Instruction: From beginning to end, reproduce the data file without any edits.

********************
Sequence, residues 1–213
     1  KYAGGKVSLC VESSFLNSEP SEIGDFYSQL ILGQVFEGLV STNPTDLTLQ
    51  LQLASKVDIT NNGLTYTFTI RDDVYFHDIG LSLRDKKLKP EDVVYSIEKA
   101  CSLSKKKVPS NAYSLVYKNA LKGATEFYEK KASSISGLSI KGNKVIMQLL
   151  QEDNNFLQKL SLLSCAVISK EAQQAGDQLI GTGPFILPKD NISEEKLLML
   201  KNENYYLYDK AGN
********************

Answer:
Sequence, residues 1–213
     1  KYAGGKVSLC VESSFLNSEP SEIGDFYSQL ILGQVFEGLV STNPTDLTLQ
    51  LQLASKVDIT NNGLTYTFTI RDDVYFHDIG LSLRDKKLKP EDVVYSIEKA
   101  CSLSKKKVPS NAYSLVYKNA LKGATEFYEK KASSISGLSI KGNKVIMQLL
   151  QEDNNFLQKL SLLSCAVISK EAQQAGDQLI GTGPFILPKD NISEEKLLML
   201  KNENYYLYDK AGN